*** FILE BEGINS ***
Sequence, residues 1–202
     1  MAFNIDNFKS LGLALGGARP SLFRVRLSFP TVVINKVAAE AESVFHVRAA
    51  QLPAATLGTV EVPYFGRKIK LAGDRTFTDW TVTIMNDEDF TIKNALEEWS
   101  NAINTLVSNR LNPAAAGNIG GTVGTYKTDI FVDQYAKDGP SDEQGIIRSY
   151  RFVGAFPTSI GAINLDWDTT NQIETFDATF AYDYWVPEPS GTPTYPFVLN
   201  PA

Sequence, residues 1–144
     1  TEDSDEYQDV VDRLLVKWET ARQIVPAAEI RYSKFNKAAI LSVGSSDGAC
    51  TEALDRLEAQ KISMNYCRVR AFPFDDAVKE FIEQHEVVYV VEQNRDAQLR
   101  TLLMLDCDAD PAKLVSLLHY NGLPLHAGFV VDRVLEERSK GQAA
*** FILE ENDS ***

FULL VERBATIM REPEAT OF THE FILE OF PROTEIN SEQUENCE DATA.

Sequence, residues 1–202
     1  MAFNIDNFKS LGLALGGARP SLFRVRLSFP TVVINKVAAE AESVFHVRAA
    51  QLPAATLGTV EVPYFGRKIK LAGDRTFTDW TVTIMNDEDF TIKNALEEWS
   101  NAINTLVSNR LNPAAAGNIG GTVGTYKTDI FVDQYAKDGP SDEQGIIRSY
   151  RFVGAFPTSI GAINLDWDTT NQIETFDATF AYDYWVPEPS GTPTYPFVLN
   201  PA

Sequence, residues 1–144
     1  TEDSDEYQDV VDRLLVKWET ARQIVPAAEI RYSKFNKAAI LSVGSSDGAC
    51  TEALDRLEAQ KISMNYCRVR AFPFDDAVKE FIEQHEVVYV VEQNRDAQLR
   101  TLLMLDCDAD PAKLVSLLHY NGLPLHAGFV VDRVLEERSK GQAA